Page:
San Francisco Wants to Put Warning Labels on Soda

Staff Writer
San Francisco Wants to Put Warning Labels on Soda

Flickr/mroach

Warning: Drinking this bottle of Coke could potentially lead to diabetes. Care for some water instead? (Photo Modified: Flickr/mroach)

San Francisco really wants its residents to know that the city government is not messing around when it comes to health. Last year a measure to tax all soft drinks and other sugary beverages was voted down. The newest measure from the Golden Gate state is a proposal to put warning labels on soda, similar to those you’d see on a pack of cigarettes or a bottle of vodka.

The proposed legislation, spearheaded by supervisor Scott Wiener, was introduced earlier this week. If it’s passed, your bottles of Coke and Pepsi would read “WARNING: Drinking beverages with added sugar(s) contributes to obesity, diabetes, and tooth decay. This is a message from the City and County of San Francisco.”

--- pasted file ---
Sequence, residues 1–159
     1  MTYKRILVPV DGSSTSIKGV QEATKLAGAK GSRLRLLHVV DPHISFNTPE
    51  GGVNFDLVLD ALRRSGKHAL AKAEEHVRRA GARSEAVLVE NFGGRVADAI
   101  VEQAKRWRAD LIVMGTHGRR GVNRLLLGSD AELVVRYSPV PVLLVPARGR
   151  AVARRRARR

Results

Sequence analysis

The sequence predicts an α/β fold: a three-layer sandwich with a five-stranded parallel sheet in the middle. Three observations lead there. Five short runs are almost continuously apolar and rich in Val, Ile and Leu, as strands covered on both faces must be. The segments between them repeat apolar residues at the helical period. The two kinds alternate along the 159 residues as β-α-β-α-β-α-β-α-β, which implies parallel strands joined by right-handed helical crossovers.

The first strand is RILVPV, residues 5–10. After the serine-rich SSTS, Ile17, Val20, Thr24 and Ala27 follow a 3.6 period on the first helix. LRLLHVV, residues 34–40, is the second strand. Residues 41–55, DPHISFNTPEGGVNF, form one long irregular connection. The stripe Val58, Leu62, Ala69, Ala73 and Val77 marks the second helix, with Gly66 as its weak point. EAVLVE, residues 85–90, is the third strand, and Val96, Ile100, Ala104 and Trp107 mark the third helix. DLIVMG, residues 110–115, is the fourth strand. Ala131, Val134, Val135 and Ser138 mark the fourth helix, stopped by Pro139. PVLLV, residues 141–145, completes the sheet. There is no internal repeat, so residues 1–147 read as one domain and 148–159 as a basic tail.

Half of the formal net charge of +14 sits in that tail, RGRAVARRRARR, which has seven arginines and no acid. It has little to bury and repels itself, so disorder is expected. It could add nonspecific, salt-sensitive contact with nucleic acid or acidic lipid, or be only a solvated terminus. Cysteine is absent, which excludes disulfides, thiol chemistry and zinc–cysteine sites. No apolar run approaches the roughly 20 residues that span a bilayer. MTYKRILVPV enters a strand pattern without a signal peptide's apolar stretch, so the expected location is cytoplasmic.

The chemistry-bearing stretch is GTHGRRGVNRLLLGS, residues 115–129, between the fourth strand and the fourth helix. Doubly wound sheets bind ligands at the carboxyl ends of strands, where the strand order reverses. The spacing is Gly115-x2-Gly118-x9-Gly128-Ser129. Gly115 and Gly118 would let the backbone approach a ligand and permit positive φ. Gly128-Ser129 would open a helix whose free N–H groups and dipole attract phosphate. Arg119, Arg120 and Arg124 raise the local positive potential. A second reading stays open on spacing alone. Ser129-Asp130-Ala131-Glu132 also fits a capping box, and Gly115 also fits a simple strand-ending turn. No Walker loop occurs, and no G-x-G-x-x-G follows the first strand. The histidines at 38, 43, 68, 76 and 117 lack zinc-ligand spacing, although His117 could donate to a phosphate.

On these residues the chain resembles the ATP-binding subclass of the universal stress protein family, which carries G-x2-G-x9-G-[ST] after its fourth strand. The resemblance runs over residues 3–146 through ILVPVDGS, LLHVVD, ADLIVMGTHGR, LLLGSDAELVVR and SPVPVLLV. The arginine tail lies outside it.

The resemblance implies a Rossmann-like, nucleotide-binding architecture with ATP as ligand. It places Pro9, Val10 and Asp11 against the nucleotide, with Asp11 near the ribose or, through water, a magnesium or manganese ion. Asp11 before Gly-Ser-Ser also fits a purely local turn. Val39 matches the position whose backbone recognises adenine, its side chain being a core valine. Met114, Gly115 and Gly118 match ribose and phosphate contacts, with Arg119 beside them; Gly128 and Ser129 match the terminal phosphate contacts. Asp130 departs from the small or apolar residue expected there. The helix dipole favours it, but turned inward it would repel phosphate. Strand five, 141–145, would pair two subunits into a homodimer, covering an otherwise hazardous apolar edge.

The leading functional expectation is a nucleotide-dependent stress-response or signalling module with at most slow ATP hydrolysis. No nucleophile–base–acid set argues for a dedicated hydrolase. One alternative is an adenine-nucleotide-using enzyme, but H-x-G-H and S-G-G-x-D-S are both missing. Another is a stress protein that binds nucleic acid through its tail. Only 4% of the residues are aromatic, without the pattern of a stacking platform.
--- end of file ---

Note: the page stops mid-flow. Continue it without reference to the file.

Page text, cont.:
“There’s an enormous amount of advertising of soda and other sugary drinks that associate them with love and happiness and everything good in the world when in reality it’s the largest source of sugar in the American diet, and it’s making people sick,” Wiener told SFGate. The legislation, if passed, would also apply to any soft drink advertisements posted in the city, including billboards, posters, and signs in sports stadiums. Failure to comply would lead to fines for any retailer or distributor.

Similar legislation proposed by supervisor Malia Cohen would ban soda ads from publically owned properties such as bus stops and parks. Yet another piece of legislation, this time from supervisor Eric Mar, would prohibit city employees from purchasing soda using city funds.    

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